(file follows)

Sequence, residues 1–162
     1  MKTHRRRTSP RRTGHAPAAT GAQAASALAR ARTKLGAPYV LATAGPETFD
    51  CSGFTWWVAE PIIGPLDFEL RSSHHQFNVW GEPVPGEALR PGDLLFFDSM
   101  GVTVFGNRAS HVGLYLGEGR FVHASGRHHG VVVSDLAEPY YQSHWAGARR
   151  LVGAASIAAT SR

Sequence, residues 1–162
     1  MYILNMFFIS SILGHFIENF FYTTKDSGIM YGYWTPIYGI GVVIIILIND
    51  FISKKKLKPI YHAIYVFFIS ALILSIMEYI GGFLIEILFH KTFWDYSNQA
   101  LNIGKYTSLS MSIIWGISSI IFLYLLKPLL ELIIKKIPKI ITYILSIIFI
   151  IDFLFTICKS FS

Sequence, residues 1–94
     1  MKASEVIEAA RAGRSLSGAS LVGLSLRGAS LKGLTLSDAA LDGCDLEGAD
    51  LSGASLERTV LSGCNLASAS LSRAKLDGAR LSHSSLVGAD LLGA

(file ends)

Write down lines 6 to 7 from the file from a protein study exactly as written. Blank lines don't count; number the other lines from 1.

Sequence, residues 1–162
     1  MYILNMFFIS SILGHFIENF FYTTKDSGIM YGYWTPIYGI GVVIIILIND